In Chapter One, the value of a comparative approach in describing and understanding health systems was mentioned albeit with an acknowledgement of the limitations of such an approach and the tendency to overlook key cultural and historical differences between countries and their health systems. These cultural and historical factors often play a major role in the way those systems function regardless of the details of their funding and organisation. Through making comparisons it is possible to identify both commonalities and differences. The notion of convergence in an increasingly globalised world was also considered in Chapter One. Whatever the value, and reality, of the convergence thesis, a variety of health systems exists and important differences remain. This chapter describes the principal features of health systems and explores the powerful appeal of managerialism and markets to provide an overall context against which to consider the various policy cleavages that occupy the rest of the book.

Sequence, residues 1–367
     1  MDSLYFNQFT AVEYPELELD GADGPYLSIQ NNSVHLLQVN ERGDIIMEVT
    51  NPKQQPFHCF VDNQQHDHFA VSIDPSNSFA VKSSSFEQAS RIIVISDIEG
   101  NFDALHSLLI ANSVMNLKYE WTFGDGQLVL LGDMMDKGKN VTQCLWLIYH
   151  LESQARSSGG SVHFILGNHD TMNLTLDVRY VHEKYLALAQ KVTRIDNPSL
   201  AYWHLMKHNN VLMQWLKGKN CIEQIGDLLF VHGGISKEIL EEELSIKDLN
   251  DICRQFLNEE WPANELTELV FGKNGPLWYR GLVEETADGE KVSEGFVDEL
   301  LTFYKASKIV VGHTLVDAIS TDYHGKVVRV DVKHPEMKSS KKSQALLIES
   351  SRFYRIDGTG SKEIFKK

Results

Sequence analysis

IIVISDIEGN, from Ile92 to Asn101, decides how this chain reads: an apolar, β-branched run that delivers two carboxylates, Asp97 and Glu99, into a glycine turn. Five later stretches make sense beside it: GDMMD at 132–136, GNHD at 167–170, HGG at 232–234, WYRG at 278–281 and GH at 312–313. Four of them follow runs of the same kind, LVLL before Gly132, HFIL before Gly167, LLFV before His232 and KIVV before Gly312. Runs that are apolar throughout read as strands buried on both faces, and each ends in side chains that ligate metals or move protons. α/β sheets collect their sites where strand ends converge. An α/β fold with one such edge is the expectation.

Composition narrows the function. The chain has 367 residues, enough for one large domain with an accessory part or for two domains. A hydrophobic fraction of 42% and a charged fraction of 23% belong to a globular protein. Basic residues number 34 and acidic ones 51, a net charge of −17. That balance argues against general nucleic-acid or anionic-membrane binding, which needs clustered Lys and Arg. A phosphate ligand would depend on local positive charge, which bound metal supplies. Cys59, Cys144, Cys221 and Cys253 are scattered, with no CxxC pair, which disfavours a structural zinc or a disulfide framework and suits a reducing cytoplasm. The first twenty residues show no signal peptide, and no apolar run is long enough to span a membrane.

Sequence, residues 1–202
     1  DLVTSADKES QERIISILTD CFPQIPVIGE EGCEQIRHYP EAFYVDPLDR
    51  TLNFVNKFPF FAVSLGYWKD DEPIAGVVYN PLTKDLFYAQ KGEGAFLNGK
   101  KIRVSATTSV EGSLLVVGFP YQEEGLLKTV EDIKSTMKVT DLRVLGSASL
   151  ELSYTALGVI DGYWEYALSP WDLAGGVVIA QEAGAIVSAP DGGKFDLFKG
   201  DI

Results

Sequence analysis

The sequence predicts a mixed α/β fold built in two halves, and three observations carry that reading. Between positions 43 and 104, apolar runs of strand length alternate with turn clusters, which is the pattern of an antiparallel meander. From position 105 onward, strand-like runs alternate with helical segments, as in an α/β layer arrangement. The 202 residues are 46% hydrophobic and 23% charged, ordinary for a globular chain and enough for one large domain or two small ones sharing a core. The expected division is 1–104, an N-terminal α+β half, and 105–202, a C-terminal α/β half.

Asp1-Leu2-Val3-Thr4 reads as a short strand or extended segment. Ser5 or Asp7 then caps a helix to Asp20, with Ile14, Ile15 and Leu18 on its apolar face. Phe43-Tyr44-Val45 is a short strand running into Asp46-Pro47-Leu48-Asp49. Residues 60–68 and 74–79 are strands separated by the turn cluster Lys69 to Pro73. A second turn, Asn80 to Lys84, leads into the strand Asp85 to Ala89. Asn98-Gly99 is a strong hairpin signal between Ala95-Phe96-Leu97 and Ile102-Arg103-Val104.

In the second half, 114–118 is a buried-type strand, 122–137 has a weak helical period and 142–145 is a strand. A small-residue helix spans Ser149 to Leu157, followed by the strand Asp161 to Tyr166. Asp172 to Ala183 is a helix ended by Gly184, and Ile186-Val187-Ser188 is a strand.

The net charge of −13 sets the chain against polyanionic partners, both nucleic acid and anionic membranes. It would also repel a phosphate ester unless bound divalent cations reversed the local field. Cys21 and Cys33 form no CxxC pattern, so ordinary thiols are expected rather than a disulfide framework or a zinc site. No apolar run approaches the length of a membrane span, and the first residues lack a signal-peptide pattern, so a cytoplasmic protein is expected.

In this section, we describe the various types and key features of health systems. The principal types are set out in Box 2.1.
The US ‘non-system’ of health comes closest to the free market system, while, at least until recently, the UK’s NHS comes closest to a system representing a government monopoly at the other extreme. Box 2.2 shows the principal types of funding.
The UK’s NHS is an example of a health system funded principally by direct taxation, although there are user charges for some groups of patients in the form of prescription charges. However, these charges only apply to England and, since devolution, no longer apply in Wales and Scotland.
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